In September, I traveled to Morocco to see my (then) boyfriend’s native country and meet his family. And I got engaged!! The most popular question I have been asked is if I knew it was coming. I probably should have read the signs, but I truly was surprised!
I was told ahead of time to bring heels to wear to a “Welcome Party” with his family and that Reda’s mom, Rachida, had a Caftan made for me to wear. Reda completely played it down, saying they rented out a space because they couldn’t host everyone at his brother’s apartment. Made sense to me! He told me that when you wear a Caftan you’re supposed to have your hair done a certain way (apparently a lie), so I was supposed to go with his mom to get our hair and makeup done. I was so excited to get pampered, I didn’t even think twice!
I was super nervous about going off with his mother alone, because I wasn’t feeling confident in my French speaking abilities (his family doesn’t speak English fluently). Despite my limited vocabulary, my nerves disappeared almost immediately. His family is so easy to get along with, it just feels natural! I was so relaxed while they did my hair and makeup, I nearly took a nap.
The dress Rachida had made for me was absolutely gorgeous – simple but intricate at the same time. She even had matching earrings for me to wear! Rachida had to help me get dressed because I had never put on a Caftan before. I repeat: My future mother-in-law, whom I met in person for the first time the day before, had to help me put on a dress. It was very comical to say the least!
The venue was just outside of Marrakech in the Palmeraie, a palm tree forest. As Rachida pulled into the venue, I noticed a sign that said “Salle de mariage” meaning “wedding room.” Initially, I was thinking that’s a little odd. However, I figured that it was just an event space. The entrance had a red carpet with lanterns on each side, lined with lit palm trees. I was thinking wow, this is a fancy spot.
I thought they had rented a room in a building, so I’d assumed this was just the general entrance. Then Rachida asked me if I liked it, and I noticed beautiful outdoor seating that looked like it was set up for a wedding! My mouth immediately dropped open in confusion and awe. I was excited to show Reda how fancy I looked, but of course I asked him what in the heck was happening. He just laughed it off and offered to show me around the venue.
We started walking in, following Rachida towards a prepping room. As we approached the door, Reda and his brother had a quick exchange in Arabic and all of a sudden Reda redirected me in the opposite direction. I’m thinking ohhh there is a surprise for me in that room, and it’s not ready yet. Detective Shelby! As we walked towards the lawn, I was telling Reda how funny it was for his mother to dress me. He wasn’t really reacting to what I was saying, so I just kept repeating myself. I was confused why he wasn’t laughing with me! Reda helped me step into the lawn, because I was wearing ginormous heels.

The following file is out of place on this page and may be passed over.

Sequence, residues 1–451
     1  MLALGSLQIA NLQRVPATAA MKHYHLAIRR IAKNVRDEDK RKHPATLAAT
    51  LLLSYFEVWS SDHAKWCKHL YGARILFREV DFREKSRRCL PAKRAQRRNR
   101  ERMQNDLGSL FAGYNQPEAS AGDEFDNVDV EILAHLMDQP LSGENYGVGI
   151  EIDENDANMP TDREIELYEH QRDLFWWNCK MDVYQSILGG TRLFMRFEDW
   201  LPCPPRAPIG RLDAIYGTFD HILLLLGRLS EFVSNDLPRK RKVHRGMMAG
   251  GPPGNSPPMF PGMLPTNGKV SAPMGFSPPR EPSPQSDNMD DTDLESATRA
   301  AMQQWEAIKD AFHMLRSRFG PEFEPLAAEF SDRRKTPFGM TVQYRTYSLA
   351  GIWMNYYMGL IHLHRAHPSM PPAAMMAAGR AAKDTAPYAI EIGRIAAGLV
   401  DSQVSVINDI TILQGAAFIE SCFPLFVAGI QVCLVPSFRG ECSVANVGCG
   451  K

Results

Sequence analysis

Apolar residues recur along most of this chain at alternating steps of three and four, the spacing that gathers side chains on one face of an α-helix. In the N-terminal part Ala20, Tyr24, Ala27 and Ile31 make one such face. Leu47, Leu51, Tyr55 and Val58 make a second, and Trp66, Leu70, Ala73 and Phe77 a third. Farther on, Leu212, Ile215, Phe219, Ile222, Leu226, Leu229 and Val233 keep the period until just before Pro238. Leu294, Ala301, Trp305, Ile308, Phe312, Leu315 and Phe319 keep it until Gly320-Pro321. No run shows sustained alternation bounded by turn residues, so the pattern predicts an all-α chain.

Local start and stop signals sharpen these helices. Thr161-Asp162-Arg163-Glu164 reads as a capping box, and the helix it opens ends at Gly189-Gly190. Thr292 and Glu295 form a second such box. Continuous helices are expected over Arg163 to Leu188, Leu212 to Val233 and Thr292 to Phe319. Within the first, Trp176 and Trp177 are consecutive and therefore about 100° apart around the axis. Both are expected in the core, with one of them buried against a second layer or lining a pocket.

The next thing I knew, Reda was standing in front of me holding this off-white ring box and I swear I halfway blacked out. I was immediately ugly-laugh-crying. He was standing when he proposed so my initial response was “you didn’t get down on one knee!” But then I realized he was wearing a light pink suit and we were standing in a lawn, so I spared him the knee stain. 🙂 I didn’t even look at the ring before putting it on! It’s a beautiful family ring, with diamonds in the shape of a flower and a band full of smaller diamonds.
It was perfect because I got the American proposal custom as well as the experience of a Moroccan engagement party! I feel like it’s a perfect reflection of our relationship – two cultures combined.
The Engagement Party
Moroccan engagement parties are not unlike an American wedding reception. The venue was absolutely stunning, with palm trees lit up around the lawn, gorgeous flower arrangements, and fancy chairs and tables. As guests walked in, a Gnawa band greeted them playing traditional Moroccan instruments and singing. Near the tables and seating areas, there was an open area with a DJ and live saxophone player. They alternated between the sax playing songs and the DJ playing music throughout the evening.
I was very timid at first, but his family was very welcoming. I started to relax as I spoke with his family. When a song came on that everyone knew, one of Reda’s cousins had me get up and dance with her. I immediately felt more comfortable, laughing and having fun. Of course, I was super awkward because I have no idea how to dance to Arabic music, but I didn’t even care!
We arrived at about 8:15pm, and guests continued to arrive for another hour and a half. Juice and appetizers were passed around through the evening before the sit-down dinner. We finally sat down for dinner after 12:30am. Apparently this is totally normal! We started with a seafood bastilla – seafood and noodles inside a crust of phyllo dough. I don’t normally eat much seafood, but I ate a large serving! The bastilla took up the whole table, and we were each served slices. Next they brought out half-lambs for each table! Much to my enjoyment, they put the lamb on the table for us to take a picture before they cut up the meat. The lamb was served with traditional Moroccan sides – zaalouk, chakchouka, and bakoula. The meal was finished with a delicious cake and hot Moroccan tea.
We didn’t leave until after 3:00am – this party was no joke! So much planning went into surprising me and Reda’s family members came from hours away to celebrate with us.
It was definitely a “pinch-me” moment. I still can’t believe how amazing it was!
More pictures of the stunning event: